One of two pumps used to retrieve the daily one million gallons of water necessary for cooling the Plum Brook reactor.
In this historical photo from the U.S. space agency, one of the two pumping stations Plum Brook had in 1983 to obtain raw water from nearby Lake Erie. The reactor required one million gallons of water daily for cooling, shielding, and dilution of radiation.
The main one was at Rye Beach (pictured) and the other was at Big Island. They were initially constructed in 1941 for the Ordnance Works and were closed in the late 1945. In March 1958, NACA assumed control of both facilities, but it took several years of repairs and cleaning before both would consistently function properly. They were connected to Plum Brook by 5.9 miles of 24- inch steel piping. Together, they could pump 51 million gallons of lake water per day.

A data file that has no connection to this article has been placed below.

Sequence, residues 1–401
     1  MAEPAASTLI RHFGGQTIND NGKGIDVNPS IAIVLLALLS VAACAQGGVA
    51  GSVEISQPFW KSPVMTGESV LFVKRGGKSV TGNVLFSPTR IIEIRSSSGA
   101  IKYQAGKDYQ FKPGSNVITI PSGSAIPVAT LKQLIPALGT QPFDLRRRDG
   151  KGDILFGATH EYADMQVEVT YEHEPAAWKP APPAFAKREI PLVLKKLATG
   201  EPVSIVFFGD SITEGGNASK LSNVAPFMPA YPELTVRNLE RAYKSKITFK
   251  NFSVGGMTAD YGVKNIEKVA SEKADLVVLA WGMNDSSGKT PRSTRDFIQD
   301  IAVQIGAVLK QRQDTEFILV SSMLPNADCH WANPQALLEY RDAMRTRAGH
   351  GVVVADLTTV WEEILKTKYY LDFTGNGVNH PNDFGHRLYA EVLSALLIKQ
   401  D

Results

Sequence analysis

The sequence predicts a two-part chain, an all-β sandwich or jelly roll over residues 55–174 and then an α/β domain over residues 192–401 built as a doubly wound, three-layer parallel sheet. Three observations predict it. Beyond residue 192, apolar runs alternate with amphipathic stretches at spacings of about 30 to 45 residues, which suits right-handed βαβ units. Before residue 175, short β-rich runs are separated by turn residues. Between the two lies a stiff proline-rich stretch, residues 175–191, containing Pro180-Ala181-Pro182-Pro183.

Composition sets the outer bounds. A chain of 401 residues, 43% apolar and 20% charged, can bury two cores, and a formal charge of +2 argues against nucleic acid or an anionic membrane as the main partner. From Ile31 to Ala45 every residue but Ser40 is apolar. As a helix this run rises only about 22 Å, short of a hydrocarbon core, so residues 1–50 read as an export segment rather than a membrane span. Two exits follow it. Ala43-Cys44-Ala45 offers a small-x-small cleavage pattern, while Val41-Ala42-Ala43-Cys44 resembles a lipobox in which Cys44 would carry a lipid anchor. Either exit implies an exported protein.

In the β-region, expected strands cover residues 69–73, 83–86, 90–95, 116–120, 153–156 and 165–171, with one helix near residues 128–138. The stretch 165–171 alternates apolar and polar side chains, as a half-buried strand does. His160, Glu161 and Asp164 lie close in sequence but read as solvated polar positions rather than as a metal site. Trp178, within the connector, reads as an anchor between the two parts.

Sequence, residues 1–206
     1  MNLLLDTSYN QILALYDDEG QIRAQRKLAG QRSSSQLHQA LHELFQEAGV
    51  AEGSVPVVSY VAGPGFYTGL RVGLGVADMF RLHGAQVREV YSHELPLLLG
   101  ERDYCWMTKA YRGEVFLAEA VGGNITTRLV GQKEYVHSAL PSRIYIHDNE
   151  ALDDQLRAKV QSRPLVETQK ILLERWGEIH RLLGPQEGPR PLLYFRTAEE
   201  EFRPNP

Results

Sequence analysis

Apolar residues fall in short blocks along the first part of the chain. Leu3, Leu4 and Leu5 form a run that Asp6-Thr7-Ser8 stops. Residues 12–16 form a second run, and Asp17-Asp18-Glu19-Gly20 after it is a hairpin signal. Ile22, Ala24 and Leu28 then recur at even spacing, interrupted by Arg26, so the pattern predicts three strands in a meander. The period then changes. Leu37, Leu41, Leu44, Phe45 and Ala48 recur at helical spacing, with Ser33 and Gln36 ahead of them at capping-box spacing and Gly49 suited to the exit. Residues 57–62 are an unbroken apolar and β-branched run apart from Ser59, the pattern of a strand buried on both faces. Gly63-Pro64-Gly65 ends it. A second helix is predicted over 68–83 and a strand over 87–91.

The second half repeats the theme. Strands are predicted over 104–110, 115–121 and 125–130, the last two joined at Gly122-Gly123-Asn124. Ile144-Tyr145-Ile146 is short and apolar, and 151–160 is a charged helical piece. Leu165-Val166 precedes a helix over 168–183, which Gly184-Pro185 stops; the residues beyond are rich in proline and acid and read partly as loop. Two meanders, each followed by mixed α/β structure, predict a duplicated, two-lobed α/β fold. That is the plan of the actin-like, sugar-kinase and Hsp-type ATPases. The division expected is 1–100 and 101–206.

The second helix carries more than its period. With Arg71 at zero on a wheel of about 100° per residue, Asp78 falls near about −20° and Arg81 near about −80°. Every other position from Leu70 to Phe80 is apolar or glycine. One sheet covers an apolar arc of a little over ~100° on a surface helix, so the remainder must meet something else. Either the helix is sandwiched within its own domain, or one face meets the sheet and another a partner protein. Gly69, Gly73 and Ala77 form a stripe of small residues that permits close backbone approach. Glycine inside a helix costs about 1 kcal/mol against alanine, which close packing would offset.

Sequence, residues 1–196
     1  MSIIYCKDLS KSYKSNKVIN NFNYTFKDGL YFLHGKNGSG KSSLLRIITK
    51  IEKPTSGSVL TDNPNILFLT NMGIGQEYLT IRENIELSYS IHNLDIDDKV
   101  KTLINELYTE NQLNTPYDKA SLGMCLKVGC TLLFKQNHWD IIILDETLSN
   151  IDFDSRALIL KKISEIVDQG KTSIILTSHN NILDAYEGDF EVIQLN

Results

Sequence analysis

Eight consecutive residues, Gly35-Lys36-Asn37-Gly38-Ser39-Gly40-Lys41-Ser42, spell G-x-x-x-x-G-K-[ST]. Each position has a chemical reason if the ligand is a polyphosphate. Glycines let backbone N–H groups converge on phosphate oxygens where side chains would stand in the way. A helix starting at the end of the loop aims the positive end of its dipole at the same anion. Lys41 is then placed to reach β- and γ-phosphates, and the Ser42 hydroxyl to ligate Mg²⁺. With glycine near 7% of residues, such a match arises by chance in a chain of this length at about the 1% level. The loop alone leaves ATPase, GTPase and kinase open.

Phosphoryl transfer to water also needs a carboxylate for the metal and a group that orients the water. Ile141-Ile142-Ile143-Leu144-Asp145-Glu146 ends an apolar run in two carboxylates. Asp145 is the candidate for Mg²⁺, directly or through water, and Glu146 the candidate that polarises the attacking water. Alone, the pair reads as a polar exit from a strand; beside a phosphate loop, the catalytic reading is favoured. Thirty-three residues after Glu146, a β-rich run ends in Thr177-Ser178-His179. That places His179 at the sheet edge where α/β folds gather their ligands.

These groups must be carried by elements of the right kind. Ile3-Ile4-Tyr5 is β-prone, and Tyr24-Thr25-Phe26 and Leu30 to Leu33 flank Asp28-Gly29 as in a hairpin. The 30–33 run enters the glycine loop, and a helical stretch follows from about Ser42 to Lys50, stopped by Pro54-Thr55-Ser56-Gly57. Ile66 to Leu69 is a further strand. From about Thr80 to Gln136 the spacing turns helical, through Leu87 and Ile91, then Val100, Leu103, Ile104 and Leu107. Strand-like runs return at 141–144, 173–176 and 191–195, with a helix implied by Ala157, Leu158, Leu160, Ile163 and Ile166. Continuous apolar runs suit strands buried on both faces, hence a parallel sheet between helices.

The National Advisory Committeee on Aeronautics (NACA) was a precursor to NASA. NACA was created by Congress in 1915.
For more information browse the Plum Brook Facility Page.
Each weekday, SPACE.com looks back at the history of spaceflight through photos (archive).